NHS supply chain worker: privatisation has cut equipment quantity and quality
Terrified staff across the NHS are risking their health and lives treating coronavirus patients without adequate personal protective equipment (PPE). Barry Boden, an NHS Supply Chain worker, spoke to the Socialist about how privatisation and the pursuit of profit have impacted the shortage of quality PPE.
NHS Supply Chain provides daily medical and non-medical items to hospitals in England and Wales. We were privatised in 2006 and handed over to the multinational courier firm DHL, whose main aim was to make ‘savings’.
Then, in 2018, DHL failed to win the new contract for warehousing and distribution, resulting in a fragmentation into 13 different contracts for procurement, warehouse and distribution, marketing, etc. The biggest was won by Unipart, better known for supplying components to the motor industry.
There’s a managing company, Supply Chain Coordination Ltd, which sets our contracts on behalf of the Department of Health and Social Care. But the divisions, and poor planning, have exacerbated the current problems.
Preparing for Brexit, our stocks were built up, and new warehouses were opened. Then, in January, management started to reduce our stock levels – right at the time that the Covid-19 outbreak was happening in China! Now we have been completely caught out.
For the last 30 years we’ve been told to use the ‘just-in-time’ principle for supplying NHS trusts and maintaining stock levels in the network. So when there’s a major outbreak, such as now, the system is already at full capacity, and therefore struggles to meet the extra demand.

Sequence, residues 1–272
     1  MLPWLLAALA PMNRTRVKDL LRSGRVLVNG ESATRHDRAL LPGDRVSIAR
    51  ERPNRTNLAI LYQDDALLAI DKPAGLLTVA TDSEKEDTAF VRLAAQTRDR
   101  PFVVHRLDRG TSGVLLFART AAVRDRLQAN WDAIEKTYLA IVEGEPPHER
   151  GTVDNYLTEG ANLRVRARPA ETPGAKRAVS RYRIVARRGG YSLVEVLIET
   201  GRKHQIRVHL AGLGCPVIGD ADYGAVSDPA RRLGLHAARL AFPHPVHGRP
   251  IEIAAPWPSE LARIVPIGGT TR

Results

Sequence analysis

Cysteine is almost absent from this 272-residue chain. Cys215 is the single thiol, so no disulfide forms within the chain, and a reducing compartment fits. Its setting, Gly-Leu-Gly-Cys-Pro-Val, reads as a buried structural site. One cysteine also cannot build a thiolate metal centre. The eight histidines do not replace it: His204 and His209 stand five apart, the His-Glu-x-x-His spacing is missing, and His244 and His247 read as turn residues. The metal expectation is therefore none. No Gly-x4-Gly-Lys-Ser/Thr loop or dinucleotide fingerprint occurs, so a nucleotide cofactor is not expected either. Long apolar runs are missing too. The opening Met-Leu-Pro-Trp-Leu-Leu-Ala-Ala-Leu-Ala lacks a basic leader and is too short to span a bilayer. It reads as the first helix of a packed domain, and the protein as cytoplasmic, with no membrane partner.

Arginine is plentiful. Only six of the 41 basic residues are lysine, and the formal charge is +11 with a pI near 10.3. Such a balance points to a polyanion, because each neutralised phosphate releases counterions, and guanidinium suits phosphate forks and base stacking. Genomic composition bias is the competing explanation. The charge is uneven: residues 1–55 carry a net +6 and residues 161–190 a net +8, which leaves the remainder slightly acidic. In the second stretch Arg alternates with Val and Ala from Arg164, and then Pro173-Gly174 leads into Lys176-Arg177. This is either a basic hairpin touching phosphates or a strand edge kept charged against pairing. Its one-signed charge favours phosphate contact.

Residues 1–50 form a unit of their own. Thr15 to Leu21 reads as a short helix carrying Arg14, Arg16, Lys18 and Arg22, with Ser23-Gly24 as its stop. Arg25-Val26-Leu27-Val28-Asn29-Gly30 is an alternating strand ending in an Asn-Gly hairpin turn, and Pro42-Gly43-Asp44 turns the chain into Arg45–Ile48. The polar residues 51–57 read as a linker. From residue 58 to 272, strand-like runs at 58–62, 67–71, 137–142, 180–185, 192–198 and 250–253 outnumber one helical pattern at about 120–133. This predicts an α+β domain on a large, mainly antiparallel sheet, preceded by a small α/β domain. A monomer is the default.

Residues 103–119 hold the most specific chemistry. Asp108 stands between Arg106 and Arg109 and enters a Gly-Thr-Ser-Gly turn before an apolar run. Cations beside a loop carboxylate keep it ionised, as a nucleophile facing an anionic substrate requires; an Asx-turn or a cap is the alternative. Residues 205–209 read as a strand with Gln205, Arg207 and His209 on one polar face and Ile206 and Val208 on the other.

Austerity has affected our operations, just as it has across the NHS. Cost-cutting has meant less experienced staff and managers, an over-reliance on agency personnel, reduced warehouse maintenance, and an underfunded internal transport system, causing logistic delays in moving stock around the network.
When I started working for NHS Supply Chain, I recall sitting down with a range of medical goods, such as wound dressings, with experienced nurses in front of us giving their clinical opinions, saying ‘that’s good, that’s not good’.
Now the decisions are profit-driven, with much less medical input in the procurement and tendering process. This is part of why the quality of the PPE getting through to frontline staff has been so poor.
Our members have been working longer shifts for the last three months, with some already clocking up 60 extra hours plus in March, to try to provide hospitals with their PPE and normal daily medical requirements.
The PPE for NHS frontline staff has now moved to a third party, under the control of the NHS with the support of the army. But fragmentation, privatisation and a profit-led management have helped to create the current crisis in PPE.
Clinical oversight of equipment procurement must be reinstated. Massive funding for purchasing and manufacturing PPE must be made available now. Privatisation must be scrapped, and NHS Supply Chain brought back in-house, under a fully funded and democratically planned NHS.